How to Install AdGuard Home on a Raspberry Pi

  • Post author:WunderTech
  • Post published:September 6, 2020
  • Post last modified:December 11, 2023
  • Post category:Raspberry Pi
  • Reading time:11 mins read

Today we are going to look at how to install AdGuard Home on a Raspberry Pi.

In our last tutorial, we looked at how to install AdGuard Home on a Synology NAS. If you implemented that, you might be interested in implementing a secondary DNS server using AdGuard Home as well. There are various reasons why implementing a secondary DNS server is important.

If you only have one Raspberry Pi, it might be a good idea to pick up a cheap Raspberry Pi Zero and run a secondary DNS server.

The AdGuard Home Raspberry Pi setup process couldn’t be easier. Ensure that you have Raspberry Pi OS installed and you can SSH into your Raspberry Pi.

How to Install AdGuard Home on a Raspberry Pi

Before we look at how to install AdGuard Home on a Raspberry Pi, let’s look at how to install Raspberry Pi OS.

Installing Raspberry Pi OS

Before we can install AdGuard Home on a Raspberry Pi, we must install Raspberry Pi OS.

1. Navigate to the Raspberry Pi website and download the Raspberry Pi Imager.

how to set up a raspberry pi headless - download page

2. After the download finishes, launch the Raspberry Pi Imager application and connect your SD card to your computer.

raspberry pi imager home screen

3. Select Choose OS and choose the operating system that you would like to use. In this example, I will be using Raspbian Lite.

raspberry pi operating system selector

4. After selecting your operating system, select Choose SD Card and select the SD card that you connected to your machine.

NOTE: This will fully format the SD card so remove any important data prior to proceeding.

storage selection

5. After the operating system and SD card have been selected, select write. This will write the operating system to the SD card.

settings confirmation and write button to write the operating system to the SD card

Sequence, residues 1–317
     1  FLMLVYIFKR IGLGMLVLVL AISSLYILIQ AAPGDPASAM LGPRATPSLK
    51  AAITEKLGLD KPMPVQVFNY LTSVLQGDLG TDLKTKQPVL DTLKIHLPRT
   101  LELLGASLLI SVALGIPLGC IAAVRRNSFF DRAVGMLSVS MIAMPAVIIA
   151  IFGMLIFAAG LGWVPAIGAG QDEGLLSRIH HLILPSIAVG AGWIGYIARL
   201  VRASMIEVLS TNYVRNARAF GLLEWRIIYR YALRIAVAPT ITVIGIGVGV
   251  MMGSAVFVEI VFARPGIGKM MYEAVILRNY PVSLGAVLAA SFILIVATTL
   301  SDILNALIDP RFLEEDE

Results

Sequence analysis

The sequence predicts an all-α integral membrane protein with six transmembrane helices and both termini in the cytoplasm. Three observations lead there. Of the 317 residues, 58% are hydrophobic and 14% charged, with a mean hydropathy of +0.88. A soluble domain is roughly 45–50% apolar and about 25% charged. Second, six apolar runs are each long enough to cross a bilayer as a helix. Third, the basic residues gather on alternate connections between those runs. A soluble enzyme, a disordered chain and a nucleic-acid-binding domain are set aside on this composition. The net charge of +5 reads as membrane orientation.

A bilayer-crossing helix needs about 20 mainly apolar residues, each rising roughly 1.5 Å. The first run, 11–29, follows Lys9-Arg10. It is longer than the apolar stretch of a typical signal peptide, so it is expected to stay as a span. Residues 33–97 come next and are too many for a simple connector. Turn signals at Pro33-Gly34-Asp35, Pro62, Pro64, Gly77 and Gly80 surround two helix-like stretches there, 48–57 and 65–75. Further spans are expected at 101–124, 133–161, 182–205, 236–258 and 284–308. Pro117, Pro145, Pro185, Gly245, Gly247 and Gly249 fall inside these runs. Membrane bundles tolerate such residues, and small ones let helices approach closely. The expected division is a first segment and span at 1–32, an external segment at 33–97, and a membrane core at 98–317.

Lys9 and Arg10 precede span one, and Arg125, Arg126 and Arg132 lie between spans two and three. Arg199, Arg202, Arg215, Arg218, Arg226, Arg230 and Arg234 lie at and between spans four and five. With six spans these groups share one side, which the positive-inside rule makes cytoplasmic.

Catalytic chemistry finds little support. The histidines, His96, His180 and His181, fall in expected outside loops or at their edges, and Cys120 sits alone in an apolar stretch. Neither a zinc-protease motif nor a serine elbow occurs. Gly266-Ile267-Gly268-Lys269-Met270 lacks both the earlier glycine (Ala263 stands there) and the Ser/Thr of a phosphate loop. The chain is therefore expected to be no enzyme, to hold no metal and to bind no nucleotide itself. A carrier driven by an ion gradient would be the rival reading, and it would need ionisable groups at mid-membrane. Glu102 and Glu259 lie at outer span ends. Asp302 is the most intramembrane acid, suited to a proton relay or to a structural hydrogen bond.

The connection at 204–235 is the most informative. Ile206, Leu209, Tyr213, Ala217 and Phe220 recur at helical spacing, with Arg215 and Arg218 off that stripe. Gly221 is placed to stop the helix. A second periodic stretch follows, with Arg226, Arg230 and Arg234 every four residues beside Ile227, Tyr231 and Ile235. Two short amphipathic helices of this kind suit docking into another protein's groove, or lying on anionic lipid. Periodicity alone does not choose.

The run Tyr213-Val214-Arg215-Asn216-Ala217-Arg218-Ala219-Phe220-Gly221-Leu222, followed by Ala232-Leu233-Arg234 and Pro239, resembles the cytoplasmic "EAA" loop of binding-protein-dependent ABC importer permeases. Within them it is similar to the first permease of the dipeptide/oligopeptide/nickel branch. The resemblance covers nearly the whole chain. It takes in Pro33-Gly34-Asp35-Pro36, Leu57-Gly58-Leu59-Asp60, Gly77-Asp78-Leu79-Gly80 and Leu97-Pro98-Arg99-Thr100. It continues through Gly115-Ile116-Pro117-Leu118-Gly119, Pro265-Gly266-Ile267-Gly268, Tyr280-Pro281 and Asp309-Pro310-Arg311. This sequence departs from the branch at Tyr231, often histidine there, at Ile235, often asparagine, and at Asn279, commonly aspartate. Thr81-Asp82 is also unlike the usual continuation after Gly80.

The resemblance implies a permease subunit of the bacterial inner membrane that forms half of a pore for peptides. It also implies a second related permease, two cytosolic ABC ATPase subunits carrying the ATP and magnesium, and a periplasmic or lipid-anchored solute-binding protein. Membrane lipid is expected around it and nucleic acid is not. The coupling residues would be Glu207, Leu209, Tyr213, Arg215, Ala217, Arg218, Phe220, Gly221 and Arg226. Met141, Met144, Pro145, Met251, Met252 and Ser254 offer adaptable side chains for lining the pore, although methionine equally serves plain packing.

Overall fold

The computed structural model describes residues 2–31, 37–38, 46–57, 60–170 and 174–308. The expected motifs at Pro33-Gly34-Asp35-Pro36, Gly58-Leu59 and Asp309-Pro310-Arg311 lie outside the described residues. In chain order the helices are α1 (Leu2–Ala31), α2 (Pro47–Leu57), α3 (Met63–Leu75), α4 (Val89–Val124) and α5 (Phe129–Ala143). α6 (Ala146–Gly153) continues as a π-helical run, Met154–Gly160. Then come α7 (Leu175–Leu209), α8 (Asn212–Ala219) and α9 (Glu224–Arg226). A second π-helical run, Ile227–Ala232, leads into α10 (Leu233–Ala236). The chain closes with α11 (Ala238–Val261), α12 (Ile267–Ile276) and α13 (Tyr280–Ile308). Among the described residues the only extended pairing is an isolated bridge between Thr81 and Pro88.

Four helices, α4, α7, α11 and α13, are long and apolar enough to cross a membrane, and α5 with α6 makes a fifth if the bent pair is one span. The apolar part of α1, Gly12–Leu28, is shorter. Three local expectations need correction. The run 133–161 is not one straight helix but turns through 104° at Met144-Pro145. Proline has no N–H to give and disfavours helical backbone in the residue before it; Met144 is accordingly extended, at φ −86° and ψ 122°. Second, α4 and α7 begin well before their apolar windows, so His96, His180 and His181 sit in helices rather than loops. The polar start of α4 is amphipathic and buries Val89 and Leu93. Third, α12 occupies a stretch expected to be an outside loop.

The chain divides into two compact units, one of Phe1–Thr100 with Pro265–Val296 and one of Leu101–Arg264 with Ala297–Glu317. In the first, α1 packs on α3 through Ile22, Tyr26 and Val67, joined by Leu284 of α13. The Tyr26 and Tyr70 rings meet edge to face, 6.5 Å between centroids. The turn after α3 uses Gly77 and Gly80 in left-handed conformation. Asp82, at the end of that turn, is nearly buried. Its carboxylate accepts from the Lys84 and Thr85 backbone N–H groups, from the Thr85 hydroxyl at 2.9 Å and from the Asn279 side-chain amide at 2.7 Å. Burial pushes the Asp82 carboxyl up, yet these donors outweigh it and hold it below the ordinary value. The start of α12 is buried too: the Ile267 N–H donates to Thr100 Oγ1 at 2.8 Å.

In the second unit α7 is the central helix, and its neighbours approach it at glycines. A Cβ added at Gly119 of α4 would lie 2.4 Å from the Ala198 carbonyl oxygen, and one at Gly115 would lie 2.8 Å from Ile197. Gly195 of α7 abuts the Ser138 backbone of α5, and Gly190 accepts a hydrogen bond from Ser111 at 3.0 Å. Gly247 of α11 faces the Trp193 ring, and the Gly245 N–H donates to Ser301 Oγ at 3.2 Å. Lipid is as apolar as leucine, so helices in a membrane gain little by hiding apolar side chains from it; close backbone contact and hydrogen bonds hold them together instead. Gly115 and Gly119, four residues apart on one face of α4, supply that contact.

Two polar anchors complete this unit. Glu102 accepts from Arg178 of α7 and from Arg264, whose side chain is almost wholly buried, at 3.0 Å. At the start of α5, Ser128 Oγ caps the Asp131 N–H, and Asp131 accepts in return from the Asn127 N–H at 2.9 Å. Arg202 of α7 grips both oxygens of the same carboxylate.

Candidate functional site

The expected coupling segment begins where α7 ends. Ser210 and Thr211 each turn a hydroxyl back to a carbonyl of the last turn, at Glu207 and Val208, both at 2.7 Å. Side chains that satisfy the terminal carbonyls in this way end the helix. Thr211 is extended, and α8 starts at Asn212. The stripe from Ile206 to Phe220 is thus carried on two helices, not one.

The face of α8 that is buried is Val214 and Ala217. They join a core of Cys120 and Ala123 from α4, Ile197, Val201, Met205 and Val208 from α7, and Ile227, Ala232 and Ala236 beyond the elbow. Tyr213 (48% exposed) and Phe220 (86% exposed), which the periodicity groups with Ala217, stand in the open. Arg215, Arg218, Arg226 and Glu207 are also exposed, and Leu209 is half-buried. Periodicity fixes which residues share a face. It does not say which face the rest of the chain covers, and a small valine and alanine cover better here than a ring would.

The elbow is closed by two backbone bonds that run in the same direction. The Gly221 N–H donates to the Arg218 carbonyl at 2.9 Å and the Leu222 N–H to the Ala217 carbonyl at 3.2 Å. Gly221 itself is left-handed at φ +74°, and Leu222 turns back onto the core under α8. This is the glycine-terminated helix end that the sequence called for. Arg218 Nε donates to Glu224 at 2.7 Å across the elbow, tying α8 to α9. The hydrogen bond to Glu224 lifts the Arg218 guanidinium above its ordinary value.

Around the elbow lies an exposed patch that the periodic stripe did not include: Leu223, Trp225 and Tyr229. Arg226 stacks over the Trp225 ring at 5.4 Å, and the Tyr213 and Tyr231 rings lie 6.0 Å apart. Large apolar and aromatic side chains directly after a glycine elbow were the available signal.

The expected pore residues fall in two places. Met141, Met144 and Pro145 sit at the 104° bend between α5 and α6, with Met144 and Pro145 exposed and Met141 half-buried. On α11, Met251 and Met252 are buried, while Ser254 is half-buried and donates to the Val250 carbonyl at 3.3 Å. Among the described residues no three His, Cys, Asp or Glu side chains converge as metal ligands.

Raspberry Pi AdGuard Home Setup

1. SSH into your Raspberry Pi. When you SSH in, run the commands below. These commands will get the latest version of AdGuard Home, extract the archive and silently install it. The install file is found on the official AdGuard Home github page.

sudo tar xvf AdGuardHome_linux_arm.tar.gz
cd AdGuardHome
sudo ./AdGuardHome -s install
adguard home raspberry pi - running commands to install adguard

2. That’s it! Access AdGuard Home using the IP address of your Raspberry Pi and port 3000.


3. Select Get Started to start the configuration process.

How to Install AdGuard Home on a Raspberry Pi - connecting to adguard home web interface

4. Change the listen interface to the IP address of your Raspberry Pi.

How to Install AdGuard Home on a Raspberry Pi - configuring web interface and DNS interface

5. If you didn’t assign your Raspberry Pi a static IP address from your router, select Set a static IP address. You will receive a message that AdGuard Home will configure your IP address to be the Raspberry Pi’s static IP address. Select OK. You will now see that the static IP address section has changed.

6. Specify a username and password.

setting up authentication username and password

7. The next screen will show you how to configure different devices. In the next section, I will go over my preferred approach which is setting AdGuard Home to be my router’s DNS server. If you aren’t interested in doing that, this is a great section to learn how to set up the DNS server on your local device.

AdGuard Home Raspberry Pi device options

8. Select Next and then Open Dashboard. Sign in when prompted.

9. AdGuard Home is now set up and installed. Please note that you will no longer use port 3000 when navigating to the web portal. After the setup process is complete, you will be able to access to management portal using the IP address only (as it uses port 80).


AdGuard Home Raspberry Pi Settings

I’m not going to go into specifics as far as settings go because they’re mostly personal preference, but here are a few things you might want to check right after installation: